Why You Should Be Drinking Texas Wines

Two of DFW’s most renowned restaurants prove Texas' wine industry is on the rise more than ever.

Aside from countless James Beard Award nods and noteworthy beverage programs comprising 250-300 varietals, one commonality between Flora Street Café and LAW at the Four Seasons Resort and Club Dallas at Las Colinas is a passion for Texas wine.

In 1982, James Beard Award-winning chef Stephan Pyles, then a budding chef in his late 20s, opened his first restaurant with his friend and managing partner, George Majdalani. They called it Routh Street Cafe, and it was the only restaurant in Dallas at the time with an all-American wine list.

“We distinguished the wines as either ‘imported’ or ‘domestic,’ ” says Majdalani, with the latter referring to anything produced in Texas and the former covering everything else.

Thirty-five years later, as Majdalani looks back on those early years from the private dining room of the duo's latest culinary endeavor, the award-winning Flora Street Café, it appears that history does indeed repeat itself. The concept of Pyles’ Flora Street Café is an homage to the arts. So while it is the whole package that’s assisted in Flora Street’s accumulation of local and national accolades, the artistic display of culinary talent is only enhanced by an equally thoughtful beverage program.

Earlier this year, Flora Street earned a spot on Wine Enthusiast’s list of Top 100 Wine Lists, solidifying its place as a progressive contender in a cutthroat industry and an increasingly competitive market.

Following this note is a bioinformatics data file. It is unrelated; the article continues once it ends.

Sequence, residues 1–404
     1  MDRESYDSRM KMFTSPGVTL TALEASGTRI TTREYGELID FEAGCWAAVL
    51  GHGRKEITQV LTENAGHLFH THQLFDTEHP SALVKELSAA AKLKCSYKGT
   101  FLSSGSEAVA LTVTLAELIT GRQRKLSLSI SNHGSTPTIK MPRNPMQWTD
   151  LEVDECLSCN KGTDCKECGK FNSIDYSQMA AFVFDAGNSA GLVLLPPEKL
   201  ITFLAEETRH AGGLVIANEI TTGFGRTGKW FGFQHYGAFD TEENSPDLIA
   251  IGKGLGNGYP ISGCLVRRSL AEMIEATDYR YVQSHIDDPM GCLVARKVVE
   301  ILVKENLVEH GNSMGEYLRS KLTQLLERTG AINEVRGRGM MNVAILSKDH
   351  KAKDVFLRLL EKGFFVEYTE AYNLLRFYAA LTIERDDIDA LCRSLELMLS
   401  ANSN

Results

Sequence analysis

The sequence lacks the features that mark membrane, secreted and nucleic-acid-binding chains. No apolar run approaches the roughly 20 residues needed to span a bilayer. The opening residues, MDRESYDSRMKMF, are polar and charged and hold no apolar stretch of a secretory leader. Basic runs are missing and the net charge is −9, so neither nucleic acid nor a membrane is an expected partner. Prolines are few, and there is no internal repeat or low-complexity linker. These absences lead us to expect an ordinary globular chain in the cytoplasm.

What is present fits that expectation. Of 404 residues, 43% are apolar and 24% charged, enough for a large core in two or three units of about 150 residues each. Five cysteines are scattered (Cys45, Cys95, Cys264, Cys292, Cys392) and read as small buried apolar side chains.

“The depth is not in the vintage, but in the varietals,” Majdalani says of the wine list, which consists of a selection from regions all over the world.

Flora Street sommelier Vincent McGrath added that the uniqueness of the wines gives the list a well-rounded edge among other top-tier dining establishments.

“We have wine from [the country of] Georgia, which is where wine actually originated,” he says, “as well as varietals from Austria, Slovenia and other areas you may not typically see.”

There’s also a substantial number of Texas vineyards on the list, offering evidence of the progress the state’s $2 billion wine industry has made over the last 10-20 years.

TEXSOM Four Seasons Dallas

Further evidence can be found a half-hour away at the Four Seasons, where master sommelier and resort beverage manager James Tidwell is a walking encyclopedia on the Texas wine industry. At the Four Seasons’ restaurant, LAW, which focuses on Texas-sourced ingredients, Tidwell’s wine list begins with a full page of Texas-grown recommendations.

Tidwell is also a founder of TEXSOM, the largest sommelier conference in the world, which is hosted annually at the resort. In other words, he’s kind of a big deal in the wine world. His advice to someone who may not recognize a certain varietal or may have had a subpar experience with a Texas wine previously? “Try them again,” says Tidwell, who’s still realistic about statewide industry standards. “Yes, some wineries are probably underfunded or less exposed to international standards, so they may be less consistent in their winemaking.” Nevertheless, this could be said of inexperienced or underfunded wineries anywhere—France and California included.

Most importantly, though, growers in Texas vineyards are working with the varietals that prefer a warmer or harsher climate, as opposed to working against the forces of nature. “Rather than trying to grow grapes you think people want,” says Tidwell, “the idea is, if you grow the grapes that work best in certain places—and you’re passionate—you’ll create an entirely new market to bring greater exposure to the industry.”